Michael Crichton must have had some miserable vacations. The author of Jurassic Park (amusement park, dinosaurs… it all goes wrong), Congo (jungle retreat, apes… it all goes wrong) and Westworld (cowboy theme park, robots… guess what happens) had a habit of finding the havoc in holidays.
Or, as one character in this year’s Westworld reboot puts it: “I think there may be something wrong with this world. Something hiding underneath.”
Suffice to say, the new Westworld may not be somewhere you’d choose to holiday, but watching other poor souls travel there? Well, that’s a different story. Or, at least, makers HBO and UAE distributors OSN hope so. They reckon that the Wild West theme park gone very wrong can become a regular destination for TV viewers everywhere – in much the same way as the company’s biggest hit to date, Game of Thrones.
Thrones, a TV show budgeted like a movie, where every episode is an event, just picked up its 38th Emmy win – the most for any scripted show ever. Not only an awards magnet but a ratings winner, it’s the culmination of a small screen shake-up that can be tied to HBO’s own slogan – It’s not TV, it’s HBO – where quality television like The Sopranos, The Wire and Six Feet Under took on, matched and in some cases exceeded the ambition, smarts and production values that had once been the bastion of cinema.
But now the end is nigh: it’s been announced that there are only two, shortened, seasons left for GoT. Naturally, HBO is looking for an heir apparent. A new show with enough drama, characters, backstory, spectacle and twists and turns to not only lure viewers in, but keep them engaged for years to come. In short, they want you to journey from Westeros to Westworld.
The DNA of Westworld can be found in stories going back to at least Frankenstein. The idea that man could create something but not control it has been fertile ground for storytellers ever since. And, from computers (2001: A Space Odyssey) to robots (The Terminator), a fear of technology has fuelled some particularly epic screen tales. Particularly of course for Crichton, whose Jurassic Park creatures continue to roam cinemas (four films and counting).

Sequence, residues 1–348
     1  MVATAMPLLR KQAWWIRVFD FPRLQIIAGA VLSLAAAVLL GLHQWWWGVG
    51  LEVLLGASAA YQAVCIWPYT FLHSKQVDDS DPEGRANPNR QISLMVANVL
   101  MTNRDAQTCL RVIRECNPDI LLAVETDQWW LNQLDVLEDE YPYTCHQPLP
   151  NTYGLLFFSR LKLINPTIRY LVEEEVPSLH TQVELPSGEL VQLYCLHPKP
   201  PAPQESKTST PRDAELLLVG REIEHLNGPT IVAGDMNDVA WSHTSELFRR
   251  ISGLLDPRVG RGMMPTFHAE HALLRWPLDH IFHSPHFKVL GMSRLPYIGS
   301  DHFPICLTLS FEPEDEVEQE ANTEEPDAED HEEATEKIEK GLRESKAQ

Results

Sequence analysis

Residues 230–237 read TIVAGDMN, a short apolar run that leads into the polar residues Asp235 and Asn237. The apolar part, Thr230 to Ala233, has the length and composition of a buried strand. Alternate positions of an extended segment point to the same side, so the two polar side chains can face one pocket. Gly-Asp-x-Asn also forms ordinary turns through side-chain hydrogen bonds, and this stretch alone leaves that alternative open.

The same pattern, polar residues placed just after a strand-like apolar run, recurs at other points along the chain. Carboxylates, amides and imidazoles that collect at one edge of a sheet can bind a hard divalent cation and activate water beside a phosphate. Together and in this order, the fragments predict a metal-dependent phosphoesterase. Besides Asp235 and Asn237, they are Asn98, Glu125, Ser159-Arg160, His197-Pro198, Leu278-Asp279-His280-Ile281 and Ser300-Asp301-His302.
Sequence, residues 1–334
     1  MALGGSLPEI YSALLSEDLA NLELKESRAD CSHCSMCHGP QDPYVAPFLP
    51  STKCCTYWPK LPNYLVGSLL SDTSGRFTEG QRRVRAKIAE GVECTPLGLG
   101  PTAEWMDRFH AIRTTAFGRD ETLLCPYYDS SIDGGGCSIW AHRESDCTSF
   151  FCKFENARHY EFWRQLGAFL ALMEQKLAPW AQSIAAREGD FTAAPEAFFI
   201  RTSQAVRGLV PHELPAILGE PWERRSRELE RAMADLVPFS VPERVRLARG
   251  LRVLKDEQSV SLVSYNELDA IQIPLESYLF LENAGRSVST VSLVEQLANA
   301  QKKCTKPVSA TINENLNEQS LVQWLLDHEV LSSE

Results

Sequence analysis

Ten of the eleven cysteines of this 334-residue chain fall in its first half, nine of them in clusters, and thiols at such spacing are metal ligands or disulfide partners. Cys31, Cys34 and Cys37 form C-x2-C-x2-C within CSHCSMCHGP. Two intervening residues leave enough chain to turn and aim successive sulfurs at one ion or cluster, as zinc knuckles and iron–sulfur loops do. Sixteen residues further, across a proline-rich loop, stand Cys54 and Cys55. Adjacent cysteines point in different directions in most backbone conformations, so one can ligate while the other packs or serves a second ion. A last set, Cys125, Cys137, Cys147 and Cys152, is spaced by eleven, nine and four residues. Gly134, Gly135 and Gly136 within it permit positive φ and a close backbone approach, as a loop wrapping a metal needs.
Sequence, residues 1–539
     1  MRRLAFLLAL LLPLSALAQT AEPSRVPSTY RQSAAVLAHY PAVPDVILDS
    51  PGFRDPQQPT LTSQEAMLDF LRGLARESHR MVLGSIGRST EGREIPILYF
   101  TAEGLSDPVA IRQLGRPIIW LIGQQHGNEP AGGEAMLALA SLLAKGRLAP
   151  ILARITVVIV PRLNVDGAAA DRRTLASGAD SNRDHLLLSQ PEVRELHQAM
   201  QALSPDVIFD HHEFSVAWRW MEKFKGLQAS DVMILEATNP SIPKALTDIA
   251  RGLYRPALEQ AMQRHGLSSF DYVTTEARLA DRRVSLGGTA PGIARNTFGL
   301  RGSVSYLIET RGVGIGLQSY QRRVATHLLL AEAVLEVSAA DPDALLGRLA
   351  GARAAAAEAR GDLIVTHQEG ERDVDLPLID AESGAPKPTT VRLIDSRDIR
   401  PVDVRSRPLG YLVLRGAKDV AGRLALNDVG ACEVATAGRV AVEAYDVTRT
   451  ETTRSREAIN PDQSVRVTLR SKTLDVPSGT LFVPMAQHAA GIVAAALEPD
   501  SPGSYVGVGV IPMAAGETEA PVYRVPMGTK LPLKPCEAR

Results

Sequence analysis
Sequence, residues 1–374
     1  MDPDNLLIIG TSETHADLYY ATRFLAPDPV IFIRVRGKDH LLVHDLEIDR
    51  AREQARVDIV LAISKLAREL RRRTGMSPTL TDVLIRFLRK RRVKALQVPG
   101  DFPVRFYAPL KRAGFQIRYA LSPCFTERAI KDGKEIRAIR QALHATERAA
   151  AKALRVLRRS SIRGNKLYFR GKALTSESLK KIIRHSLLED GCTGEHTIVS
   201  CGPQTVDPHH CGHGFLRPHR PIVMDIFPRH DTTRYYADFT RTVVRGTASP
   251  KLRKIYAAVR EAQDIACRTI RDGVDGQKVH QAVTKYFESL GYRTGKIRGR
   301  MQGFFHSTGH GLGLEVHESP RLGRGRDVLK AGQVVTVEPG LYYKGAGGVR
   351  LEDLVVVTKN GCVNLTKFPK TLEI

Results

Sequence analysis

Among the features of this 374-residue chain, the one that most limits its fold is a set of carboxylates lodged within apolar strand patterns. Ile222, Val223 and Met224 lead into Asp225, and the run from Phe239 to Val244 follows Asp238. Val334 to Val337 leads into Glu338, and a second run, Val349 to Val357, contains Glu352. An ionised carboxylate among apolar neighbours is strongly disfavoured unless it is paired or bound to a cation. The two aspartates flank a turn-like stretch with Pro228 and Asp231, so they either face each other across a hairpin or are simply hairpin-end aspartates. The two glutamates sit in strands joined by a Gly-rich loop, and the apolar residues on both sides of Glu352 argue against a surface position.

But before the dinosaurs there was Westworld. Crichton’s 1973 cult film (which he wrote and directed) introduced the idea of a hi-tech amusement park where you could live out your fantasies in realistic historical environments populated by robots programmed not to harm you. “I didn’t want my first film to be science fiction,” admitted Crichton later, “but that was the only way the studio would let me direct.”
The park included Medieval World, Roman World and of course Westworld, a cowboy simulation with Yul Brynner as a relentless robot gunfighter who seemingly hadn’t read the rules about not harming humans (and who looks remarkably similar to Brynner’s character in The Magnificent Seven…).
The film was a commercial success, making back around ten times its budget and inspiring a host of other filmmakers. Better yet, it felt like it had just scratched the surface of what potential screen adventures you could have in this environment. A sequel duly followed a few years later: Futureworld. This time, robots ruled the park (disguised as humans) and the central premise regarded identity. Or, as the poster put it: “Futureworld – Where you can’t tell the mortals from the machines… even when you look in the mirror!”
Although Brynner returned for Futureworld, Crichton did not. More pertinently, neither did audiences. The New York Times said the film was “about as exciting as a visit to the waterworks”. And yet still some industry execs believed there were more stories to tell from Westworld.